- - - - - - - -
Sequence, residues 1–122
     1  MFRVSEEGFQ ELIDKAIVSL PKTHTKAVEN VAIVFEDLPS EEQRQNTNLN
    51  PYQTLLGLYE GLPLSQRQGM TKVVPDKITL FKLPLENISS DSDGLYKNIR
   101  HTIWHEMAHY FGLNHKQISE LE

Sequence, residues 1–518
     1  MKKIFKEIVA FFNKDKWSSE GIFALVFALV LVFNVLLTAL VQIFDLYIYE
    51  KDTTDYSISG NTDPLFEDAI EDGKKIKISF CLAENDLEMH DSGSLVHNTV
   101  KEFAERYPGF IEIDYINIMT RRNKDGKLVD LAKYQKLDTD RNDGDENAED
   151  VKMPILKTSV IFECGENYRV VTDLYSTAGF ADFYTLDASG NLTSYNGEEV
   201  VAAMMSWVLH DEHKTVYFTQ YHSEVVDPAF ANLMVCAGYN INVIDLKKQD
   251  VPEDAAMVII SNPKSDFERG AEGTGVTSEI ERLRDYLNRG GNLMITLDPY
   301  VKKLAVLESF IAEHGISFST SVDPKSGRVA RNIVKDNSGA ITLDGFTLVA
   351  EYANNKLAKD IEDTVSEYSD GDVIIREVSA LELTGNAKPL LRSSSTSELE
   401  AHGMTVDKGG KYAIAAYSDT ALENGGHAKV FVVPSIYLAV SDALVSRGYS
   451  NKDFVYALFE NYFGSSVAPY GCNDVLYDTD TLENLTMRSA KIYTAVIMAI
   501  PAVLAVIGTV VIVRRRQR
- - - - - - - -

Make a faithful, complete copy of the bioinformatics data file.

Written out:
Sequence, residues 1–122
     1  MFRVSEEGFQ ELIDKAIVSL PKTHTKAVEN VAIVFEDLPS EEQRQNTNLN
    51  PYQTLLGLYE GLPLSQRQGM TKVVPDKITL FKLPLENISS DSDGLYKNIR
   101  HTIWHEMAHY FGLNHKQISE LE

Sequence, residues 1–518
     1  MKKIFKEIVA FFNKDKWSSE GIFALVFALV LVFNVLLTAL VQIFDLYIYE
    51  KDTTDYSISG NTDPLFEDAI EDGKKIKISF CLAENDLEMH DSGSLVHNTV
   101  KEFAERYPGF IEIDYINIMT RRNKDGKLVD LAKYQKLDTD RNDGDENAED
   151  VKMPILKTSV IFECGENYRV VTDLYSTAGF ADFYTLDASG NLTSYNGEEV
   201  VAAMMSWVLH DEHKTVYFTQ YHSEVVDPAF ANLMVCAGYN INVIDLKKQD
   251  VPEDAAMVII SNPKSDFERG AEGTGVTSEI ERLRDYLNRG GNLMITLDPY
   301  VKKLAVLESF IAEHGISFST SVDPKSGRVA RNIVKDNSGA ITLDGFTLVA
   351  EYANNKLAKD IEDTVSEYSD GDVIIREVSA LELTGNAKPL LRSSSTSELE
   401  AHGMTVDKGG KYAIAAYSDT ALENGGHAKV FVVPSIYLAV SDALVSRGYS
   451  NKDFVYALFE NYFGSSVAPY GCNDVLYDTD TLENLTMRSA KIYTAVIMAI
   501  PAVLAVIGTV VIVRRRQR